Julia Liked It. She Really Liked It.

We all crossed our fingers and said our prayers when Julia came to dinner. Would she actually like what we served her? Enough to eat a lot of it, rather than just say something nice--or, worse, not say anything 'tall (as she would say), out of the unfailing politeness (she was too hearty and unaffectedly American for politesse)and bonhomie that kept every dinner-table conversation aloft?

Regina Charboneau of course wondered the same then when she cooked for Julia's first visit to her hometown of Natchez. She already had proof that Julia liked her biscuits, but she'd also watched Julia be politely, firmly frank about faults she found in food others served her. She was right to worry--especially when she was cooking on the day after trying to match Julia drink for drink at a welcome reception.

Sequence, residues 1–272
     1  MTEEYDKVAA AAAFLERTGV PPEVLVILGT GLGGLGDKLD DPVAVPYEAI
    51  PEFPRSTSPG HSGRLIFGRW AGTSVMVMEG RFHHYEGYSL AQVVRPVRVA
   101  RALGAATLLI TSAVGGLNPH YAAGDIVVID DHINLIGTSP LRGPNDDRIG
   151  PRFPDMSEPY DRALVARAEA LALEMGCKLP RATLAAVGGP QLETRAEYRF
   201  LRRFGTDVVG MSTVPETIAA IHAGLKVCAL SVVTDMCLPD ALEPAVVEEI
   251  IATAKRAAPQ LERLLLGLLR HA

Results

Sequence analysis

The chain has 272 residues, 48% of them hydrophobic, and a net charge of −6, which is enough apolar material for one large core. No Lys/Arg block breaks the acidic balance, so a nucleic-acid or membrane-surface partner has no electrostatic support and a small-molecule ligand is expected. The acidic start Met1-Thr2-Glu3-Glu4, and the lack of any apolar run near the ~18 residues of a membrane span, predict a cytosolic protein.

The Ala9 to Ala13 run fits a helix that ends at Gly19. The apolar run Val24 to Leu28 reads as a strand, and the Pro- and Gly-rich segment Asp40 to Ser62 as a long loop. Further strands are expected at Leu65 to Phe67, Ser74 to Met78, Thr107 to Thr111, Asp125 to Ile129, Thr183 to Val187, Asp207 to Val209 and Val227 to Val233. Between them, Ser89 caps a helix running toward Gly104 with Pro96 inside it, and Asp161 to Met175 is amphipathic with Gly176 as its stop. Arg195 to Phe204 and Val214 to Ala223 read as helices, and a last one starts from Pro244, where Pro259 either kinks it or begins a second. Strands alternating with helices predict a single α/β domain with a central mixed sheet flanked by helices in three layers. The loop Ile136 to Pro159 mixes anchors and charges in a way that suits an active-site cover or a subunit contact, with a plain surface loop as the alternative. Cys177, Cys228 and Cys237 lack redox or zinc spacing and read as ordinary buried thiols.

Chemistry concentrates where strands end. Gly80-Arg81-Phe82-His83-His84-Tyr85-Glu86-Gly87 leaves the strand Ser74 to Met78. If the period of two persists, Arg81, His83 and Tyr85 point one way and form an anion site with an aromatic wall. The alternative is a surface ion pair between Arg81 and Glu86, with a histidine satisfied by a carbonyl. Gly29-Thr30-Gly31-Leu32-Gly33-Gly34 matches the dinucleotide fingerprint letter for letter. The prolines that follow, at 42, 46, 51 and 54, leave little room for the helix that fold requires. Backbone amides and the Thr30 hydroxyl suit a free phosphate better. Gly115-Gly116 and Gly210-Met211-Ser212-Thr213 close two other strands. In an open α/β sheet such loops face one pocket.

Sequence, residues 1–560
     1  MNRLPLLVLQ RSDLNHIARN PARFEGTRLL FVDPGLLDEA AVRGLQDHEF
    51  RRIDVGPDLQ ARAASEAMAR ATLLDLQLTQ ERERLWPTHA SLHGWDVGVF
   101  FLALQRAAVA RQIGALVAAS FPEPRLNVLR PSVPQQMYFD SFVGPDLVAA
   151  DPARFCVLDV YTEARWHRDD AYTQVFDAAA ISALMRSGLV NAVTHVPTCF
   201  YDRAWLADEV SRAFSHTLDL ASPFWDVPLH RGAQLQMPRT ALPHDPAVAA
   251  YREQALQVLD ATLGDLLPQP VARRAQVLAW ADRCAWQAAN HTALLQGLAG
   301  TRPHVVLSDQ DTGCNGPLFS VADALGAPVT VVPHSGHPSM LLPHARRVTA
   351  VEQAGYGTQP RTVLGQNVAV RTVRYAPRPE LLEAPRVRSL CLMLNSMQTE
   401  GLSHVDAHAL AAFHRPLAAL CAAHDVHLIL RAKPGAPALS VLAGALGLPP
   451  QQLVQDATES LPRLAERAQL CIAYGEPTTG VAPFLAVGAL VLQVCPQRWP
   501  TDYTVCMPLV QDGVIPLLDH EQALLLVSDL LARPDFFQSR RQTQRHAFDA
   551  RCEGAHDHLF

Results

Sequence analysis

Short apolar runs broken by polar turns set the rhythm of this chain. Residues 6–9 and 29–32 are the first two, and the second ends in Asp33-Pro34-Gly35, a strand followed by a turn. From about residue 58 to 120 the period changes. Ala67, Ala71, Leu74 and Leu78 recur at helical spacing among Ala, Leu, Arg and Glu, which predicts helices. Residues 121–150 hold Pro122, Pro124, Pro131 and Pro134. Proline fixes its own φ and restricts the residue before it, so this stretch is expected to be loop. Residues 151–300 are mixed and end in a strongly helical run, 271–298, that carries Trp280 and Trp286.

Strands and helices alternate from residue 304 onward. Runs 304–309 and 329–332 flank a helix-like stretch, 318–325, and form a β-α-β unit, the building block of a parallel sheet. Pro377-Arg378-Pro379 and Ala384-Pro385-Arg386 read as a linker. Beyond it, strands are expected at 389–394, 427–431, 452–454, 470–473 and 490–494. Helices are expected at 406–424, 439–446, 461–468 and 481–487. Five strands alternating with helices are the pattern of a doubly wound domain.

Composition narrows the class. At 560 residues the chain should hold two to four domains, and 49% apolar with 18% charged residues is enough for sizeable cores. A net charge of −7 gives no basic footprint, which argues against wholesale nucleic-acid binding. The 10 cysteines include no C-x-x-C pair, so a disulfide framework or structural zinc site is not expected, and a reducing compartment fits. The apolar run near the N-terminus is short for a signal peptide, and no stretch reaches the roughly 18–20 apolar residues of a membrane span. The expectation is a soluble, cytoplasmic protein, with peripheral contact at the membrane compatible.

Southern cooks always have something besides biscuits in their arsenal: desserts, just the thought of which makes me want to go south. The one she pulled out--everyone put on the dog, another great Julia phrase, for Julia--was beignets, which fancy guests were lapping up long before the current restaurant doughnut-for-dessert trend.

But the guarantee that nothing could go wrong was her pecan praline sauce. I live on and for sugar, so I'm not the least daunted by the pound of sugar it starts with--and neither should you be, if you have a hankering for pralines and the brown-sugar icing that I could live on and no one outside the South seems to get right. Regina added a secret that makes pretty much everything better: buttermilk.

Julia lived by the principle that everything's better with butter. I live by another: everything's better with buttermilk. And a pound of sugar into the bargain--well, if you're looking for a dessert to serve over ice cream, fresh berries, or just to eat straight from a spoon, look no farther. I sure don't plan to.